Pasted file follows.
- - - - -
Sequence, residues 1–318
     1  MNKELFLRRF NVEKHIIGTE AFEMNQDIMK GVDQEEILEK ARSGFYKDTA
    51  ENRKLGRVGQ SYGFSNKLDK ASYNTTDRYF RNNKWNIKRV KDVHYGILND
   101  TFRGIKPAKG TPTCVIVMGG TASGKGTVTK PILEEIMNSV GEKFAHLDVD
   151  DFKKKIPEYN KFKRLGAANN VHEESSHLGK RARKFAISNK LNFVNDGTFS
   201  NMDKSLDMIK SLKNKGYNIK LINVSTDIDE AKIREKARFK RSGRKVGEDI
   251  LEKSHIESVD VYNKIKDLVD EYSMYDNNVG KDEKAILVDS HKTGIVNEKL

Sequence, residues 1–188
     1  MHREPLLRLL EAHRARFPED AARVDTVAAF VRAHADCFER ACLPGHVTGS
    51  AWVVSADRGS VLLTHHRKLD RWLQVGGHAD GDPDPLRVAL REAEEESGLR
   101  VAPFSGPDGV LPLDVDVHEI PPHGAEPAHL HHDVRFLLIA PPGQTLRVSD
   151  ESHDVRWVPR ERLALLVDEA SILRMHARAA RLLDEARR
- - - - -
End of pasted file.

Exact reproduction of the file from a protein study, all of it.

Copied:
Sequence, residues 1–318
     1  MNKELFLRRF NVEKHIIGTE AFEMNQDIMK GVDQEEILEK ARSGFYKDTA
    51  ENRKLGRVGQ SYGFSNKLDK ASYNTTDRYF RNNKWNIKRV KDVHYGILND
   101  TFRGIKPAKG TPTCVIVMGG TASGKGTVTK PILEEIMNSV GEKFAHLDVD
   151  DFKKKIPEYN KFKRLGAANN VHEESSHLGK RARKFAISNK LNFVNDGTFS
   201  NMDKSLDMIK SLKNKGYNIK LINVSTDIDE AKIREKARFK RSGRKVGEDI
   251  LEKSHIESVD VYNKIKDLVD EYSMYDNNVG KDEKAILVDS HKTGIVNEKL

Sequence, residues 1–188
     1  MHREPLLRLL EAHRARFPED AARVDTVAAF VRAHADCFER ACLPGHVTGS
    51  AWVVSADRGS VLLTHHRKLD RWLQVGGHAD GDPDPLRVAL REAEEESGLR
   101  VAPFSGPDGV LPLDVDVHEI PPHGAEPAHL HHDVRFLLIA PPGQTLRVSD
   151  ESHDVRWVPR ERLALLVDEA SILRMHARAA RLLDEARR